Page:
Yesterday on Capitol Hill did not quite go the way that the Internet Radio Fairness Coalition had in mind. At all. More about that will be written. Mr. Chaffetz–more about him later, too–had asked Mr. Goodlatte for a hearing on the so-called Internet Radio Fairness Act, and a hearing he got. I would say mostly a “listening” but that’s good, too. The hearing was scheduled for 11:30 am and in a brilliant move, David Israelite of the NMPA scheduled a performance by five of our community’s top songwriters in an adjacent meeting room just prior to the IRFA hearing.
The writers were Lee Miller performing his song “You’re Gonna Miss This” (as recorded by Trace Adkins), Kara DioGuardi performing “Sober” (as recorded by Pink), BC Jean performing “If I Were a Boy” (as recorded by Beyoncé), Desmond Child performing his song “Livin’ on a Prayer” (as recorded by Bon Jovi), and Linda Perry performing her song “Beautiful” (as recorded by Christina Aguilera).
Of course there was a masterful political element to the timing and messaging of these songwriters, but first think about this–these writers performed their songs with a single instrument accompanying them. Just one instrument and the voice, about the simplest instrumentation you can have.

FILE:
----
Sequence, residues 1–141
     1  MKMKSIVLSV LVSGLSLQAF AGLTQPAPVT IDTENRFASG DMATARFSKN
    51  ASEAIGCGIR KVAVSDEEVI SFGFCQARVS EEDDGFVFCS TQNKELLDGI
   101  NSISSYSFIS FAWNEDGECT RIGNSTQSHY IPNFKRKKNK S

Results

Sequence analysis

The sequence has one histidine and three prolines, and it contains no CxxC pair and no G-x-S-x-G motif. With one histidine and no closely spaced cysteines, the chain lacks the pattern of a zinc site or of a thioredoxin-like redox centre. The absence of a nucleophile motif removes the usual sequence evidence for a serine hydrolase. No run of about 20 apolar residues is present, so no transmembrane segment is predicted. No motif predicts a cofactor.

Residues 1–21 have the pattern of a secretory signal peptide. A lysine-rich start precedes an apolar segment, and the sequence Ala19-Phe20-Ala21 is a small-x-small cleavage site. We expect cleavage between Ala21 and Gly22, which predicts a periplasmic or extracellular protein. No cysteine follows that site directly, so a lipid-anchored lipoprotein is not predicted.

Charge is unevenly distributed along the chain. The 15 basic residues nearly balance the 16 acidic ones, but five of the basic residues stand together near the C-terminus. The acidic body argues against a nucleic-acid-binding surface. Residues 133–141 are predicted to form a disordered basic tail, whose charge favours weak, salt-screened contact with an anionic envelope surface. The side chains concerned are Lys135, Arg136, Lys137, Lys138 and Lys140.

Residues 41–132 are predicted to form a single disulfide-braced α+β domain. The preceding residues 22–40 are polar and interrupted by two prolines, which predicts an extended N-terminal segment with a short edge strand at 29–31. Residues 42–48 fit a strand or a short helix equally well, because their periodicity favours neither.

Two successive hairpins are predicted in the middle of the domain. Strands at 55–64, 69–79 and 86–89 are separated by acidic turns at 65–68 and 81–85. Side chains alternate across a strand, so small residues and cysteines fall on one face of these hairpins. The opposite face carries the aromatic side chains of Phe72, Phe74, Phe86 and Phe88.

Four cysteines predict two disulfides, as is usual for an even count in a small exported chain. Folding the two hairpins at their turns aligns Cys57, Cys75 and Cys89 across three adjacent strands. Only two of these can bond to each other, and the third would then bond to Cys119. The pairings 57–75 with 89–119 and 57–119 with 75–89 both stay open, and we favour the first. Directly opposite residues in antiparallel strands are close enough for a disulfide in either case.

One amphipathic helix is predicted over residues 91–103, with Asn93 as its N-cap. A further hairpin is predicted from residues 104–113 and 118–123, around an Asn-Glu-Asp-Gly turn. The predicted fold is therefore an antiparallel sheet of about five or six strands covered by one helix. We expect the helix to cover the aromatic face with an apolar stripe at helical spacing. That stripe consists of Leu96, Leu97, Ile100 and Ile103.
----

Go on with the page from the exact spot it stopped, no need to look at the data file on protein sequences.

And of course–the song. These songwriters reminded the audience comprised of Members and staffers of the importance of the songwriter, and they did it by letting the songs speak for themselves. By performing these songs–not with the vast instrumentation and production values of the recordings that interpreted the songs, they really and truly demonstrated conclusively that which every record company executive knows that is not a hype, not a self interested spin–it really and truly does all start with the song.
The combined Pandora earnings for these songwriters in the first quarter of this year was $587.39. For over 33 million spins.
And Tim Westergren wants to pay them less.
It’s too bad that Tim wasn’t there for the sing along that Desmond Child led on the chorus of Living on a Prayer. Since he used to play in a band and all, you would have thought that Tim would naturally gravitate to hanging out with his own kind.
I guess Tim was too busy to show up for a reminder of the investment that these writers are making in his company by giving him a break on royalty rates that all songwriters richly deserve.
When Pandora, and the NAB, and David Pakman and Google complain about royalty rates, remember that’s just about greed. By handling themselves the way they have, all these people have demonstrated once and for all that they just don’t get it.
That’s OK, they are not our friends. We don’t have to be friends with everyone we do business with.
But here’s the real deal: Without great songs there are no great records and without great records there is no Pandora.
And that’s the fact.